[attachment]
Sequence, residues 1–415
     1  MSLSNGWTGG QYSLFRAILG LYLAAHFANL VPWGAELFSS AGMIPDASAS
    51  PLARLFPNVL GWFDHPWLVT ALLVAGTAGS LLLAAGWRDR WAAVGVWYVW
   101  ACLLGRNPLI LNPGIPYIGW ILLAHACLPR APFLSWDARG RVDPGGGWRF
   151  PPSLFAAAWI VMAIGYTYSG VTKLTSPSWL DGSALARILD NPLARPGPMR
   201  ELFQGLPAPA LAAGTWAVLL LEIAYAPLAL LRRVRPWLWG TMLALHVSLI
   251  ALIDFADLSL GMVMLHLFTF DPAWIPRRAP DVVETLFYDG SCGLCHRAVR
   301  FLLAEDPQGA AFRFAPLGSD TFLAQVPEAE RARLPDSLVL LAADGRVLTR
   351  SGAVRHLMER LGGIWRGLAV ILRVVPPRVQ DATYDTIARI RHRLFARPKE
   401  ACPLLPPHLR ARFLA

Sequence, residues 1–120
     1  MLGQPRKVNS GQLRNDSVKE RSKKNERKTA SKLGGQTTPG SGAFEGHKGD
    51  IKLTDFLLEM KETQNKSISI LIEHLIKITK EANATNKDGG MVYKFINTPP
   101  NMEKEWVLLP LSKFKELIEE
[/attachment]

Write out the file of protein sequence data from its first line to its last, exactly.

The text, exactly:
Sequence, residues 1–415
     1  MSLSNGWTGG QYSLFRAILG LYLAAHFANL VPWGAELFSS AGMIPDASAS
    51  PLARLFPNVL GWFDHPWLVT ALLVAGTAGS LLLAAGWRDR WAAVGVWYVW
   101  ACLLGRNPLI LNPGIPYIGW ILLAHACLPR APFLSWDARG RVDPGGGWRF
   151  PPSLFAAAWI VMAIGYTYSG VTKLTSPSWL DGSALARILD NPLARPGPMR
   201  ELFQGLPAPA LAAGTWAVLL LEIAYAPLAL LRRVRPWLWG TMLALHVSLI
   251  ALIDFADLSL GMVMLHLFTF DPAWIPRRAP DVVETLFYDG SCGLCHRAVR
   301  FLLAEDPQGA AFRFAPLGSD TFLAQVPEAE RARLPDSLVL LAADGRVLTR
   351  SGAVRHLMER LGGIWRGLAV ILRVVPPRVQ DATYDTIARI RHRLFARPKE
   401  ACPLLPPHLR ARFLA

Sequence, residues 1–120
     1  MLGQPRKVNS GQLRNDSVKE RSKKNERKTA SKLGGQTTPG SGAFEGHKGD
    51  IKLTDFLLEM KETQNKSISI LIEHLIKITK EANATNKDGG MVYKFINTPP
   101  NMEKEWVLLP LSKFKELIEE